Antiquity, Taste, and the Self: Revisiting the Discoveries of the Grand Tour
On campus and online
Tuesday 9 January – Tuesday 12 March, 19:00
Wednesday 17 January – Wednesday 20 March, 20:00 [London time]
Booking has now closed for this lecture series; however, we are accepting bookings for our summer term, please see details here.
The Grand Tour was one of the most significant rites of passage in early modern history. Its influence reverberates in key novels of the nineteenth and early twentieth centuries, and arguably still colours our experience of European travel today. Our focus will be on Italy, the culmination of that extensive Continental journey, on the Grand Tour’s heyday in the long eighteenth century, and on its most numerous cohort, the British.
Guided by some of our lecturers, we shall revisit the four main destinations within the journey’s well-established itinerary: Florence, Rome, Naples, and Venice. Our first aim is to rediscover the canonical antiquities, monuments, art works and natural sights sought out by eighteenth-century travellers. At the same time, we shall try to reconstruct what it was like to travel at the time, and to understand something of the tourists’ encounters with the alien urban milieux, of the expectations they brought with them and of the important ideas arising during this formative experience.
In its origin, as the period’s ultimate ‘finishing school’, The Grand Tour had a defined pedagogic aim and ideological function: to shape the tastes and forge the characters of young, male, aristocratic travellers at a crucial stage in their development, and thereby to prepare them for leadership at home. ‘Away’ and ‘home’ were thus closely interlinked. At the aesthetic level, the impressions received during the tour informed the collecting habits, the domestic architecture and interior decoration sponsored by returning travellers and influenced the rise of classical and Italianate art forms in Britain, notably in landscape painting. Our series coincides with the long-awaited revised edition of Francis Haskell’s and Nicholas Penny’s ground-breaking Taste and the Antique: The Lure of Classical Sculpture (1981); its co-editor Dr Adriano Aymonino will contribute four of the ten lectures in our term.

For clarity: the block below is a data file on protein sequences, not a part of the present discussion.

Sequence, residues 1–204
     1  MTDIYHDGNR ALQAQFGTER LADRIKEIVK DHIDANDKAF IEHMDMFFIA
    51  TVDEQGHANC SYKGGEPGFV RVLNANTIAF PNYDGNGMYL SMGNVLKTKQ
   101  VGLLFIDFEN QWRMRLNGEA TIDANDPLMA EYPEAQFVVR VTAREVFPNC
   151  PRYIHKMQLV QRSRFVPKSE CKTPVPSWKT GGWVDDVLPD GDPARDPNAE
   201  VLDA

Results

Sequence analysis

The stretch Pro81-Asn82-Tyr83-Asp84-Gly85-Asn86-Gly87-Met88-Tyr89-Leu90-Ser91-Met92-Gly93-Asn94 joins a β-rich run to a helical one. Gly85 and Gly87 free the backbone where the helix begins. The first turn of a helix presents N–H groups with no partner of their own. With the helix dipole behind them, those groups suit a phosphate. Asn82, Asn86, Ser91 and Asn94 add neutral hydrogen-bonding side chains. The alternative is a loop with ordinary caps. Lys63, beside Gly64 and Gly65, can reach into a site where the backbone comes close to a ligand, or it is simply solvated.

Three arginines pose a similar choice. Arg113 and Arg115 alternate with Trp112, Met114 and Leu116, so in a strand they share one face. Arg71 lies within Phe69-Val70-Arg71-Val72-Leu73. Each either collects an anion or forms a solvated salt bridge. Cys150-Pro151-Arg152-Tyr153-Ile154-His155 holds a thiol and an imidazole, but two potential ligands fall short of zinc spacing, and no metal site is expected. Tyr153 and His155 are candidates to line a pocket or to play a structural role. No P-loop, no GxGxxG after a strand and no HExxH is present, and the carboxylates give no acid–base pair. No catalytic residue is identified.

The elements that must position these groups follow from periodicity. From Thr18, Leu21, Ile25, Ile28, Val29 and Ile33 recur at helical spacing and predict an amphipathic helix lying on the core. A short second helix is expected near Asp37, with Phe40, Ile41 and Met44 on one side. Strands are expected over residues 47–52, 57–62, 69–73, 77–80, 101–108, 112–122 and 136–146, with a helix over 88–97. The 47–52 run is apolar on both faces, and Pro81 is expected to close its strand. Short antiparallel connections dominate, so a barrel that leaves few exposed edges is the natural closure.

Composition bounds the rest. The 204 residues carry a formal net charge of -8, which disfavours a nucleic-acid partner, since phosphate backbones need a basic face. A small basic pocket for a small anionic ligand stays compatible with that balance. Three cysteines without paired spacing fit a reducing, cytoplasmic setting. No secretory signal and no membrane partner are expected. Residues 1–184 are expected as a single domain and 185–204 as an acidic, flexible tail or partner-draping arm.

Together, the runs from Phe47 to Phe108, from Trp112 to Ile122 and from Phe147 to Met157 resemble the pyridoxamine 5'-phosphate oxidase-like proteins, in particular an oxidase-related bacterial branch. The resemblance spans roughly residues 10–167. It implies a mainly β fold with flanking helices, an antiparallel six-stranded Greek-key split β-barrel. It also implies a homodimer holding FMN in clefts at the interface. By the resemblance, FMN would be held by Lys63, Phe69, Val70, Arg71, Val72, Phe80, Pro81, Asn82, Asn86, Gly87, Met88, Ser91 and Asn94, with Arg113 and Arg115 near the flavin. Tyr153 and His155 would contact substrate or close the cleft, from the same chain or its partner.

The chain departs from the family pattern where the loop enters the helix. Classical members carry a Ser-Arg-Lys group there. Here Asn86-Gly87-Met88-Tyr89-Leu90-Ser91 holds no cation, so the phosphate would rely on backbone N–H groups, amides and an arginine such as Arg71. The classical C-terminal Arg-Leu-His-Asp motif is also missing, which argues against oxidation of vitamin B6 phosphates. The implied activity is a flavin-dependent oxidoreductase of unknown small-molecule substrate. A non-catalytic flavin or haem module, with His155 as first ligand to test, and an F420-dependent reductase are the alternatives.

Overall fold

Other important current scholarship we aim to share has focused on investigating the connections between the encounter with the foreign and the formation of travellers’ identities. Both in analogy to, and in distinction from, the ‘alien other’ that was Italy, the Grand Tour helped define contemporary notions of Britishness, and of the culturally British – or indeed the liberated, un-British – self. In that context, it will be interesting to discover whether and in what ways the Grand Tour’s underlying ethos changed as its audience diversified over the course of the long eighteenth century, increasingly including women, children and families, and the ‘middling’ ranks of society.
Our speakers: Dr Adriano Aymonino, Dr Bryony Bartlett-Rawlings, Professor Viccy Coltman, Dr Michael Douglas-Scott, Dr Kate Grandjouan, Professor Roey Sweet, Dr Sarah Goldsmith.
Moderator: Dr Anne Puetz
Course delivery details
This programme is delivered both on campus and online.
On-campus course delivery: lectures are at our Vernon Square campus at 19:00, followed by discussion and drinks, pre-course and further reading, and handout materials on our Virtual Learning Environment.
Online course delivery: this online lecture series consists of pre-recorded lectures, released weekly over 10 weeks, and each lecture viewable for a fortnight; pre-course and further reading, handout materials and a discussion forum on our Virtual Learning Environment; live Q&As for each lecture, delivered via Zoom on Wednesdays at 20:00 [London time].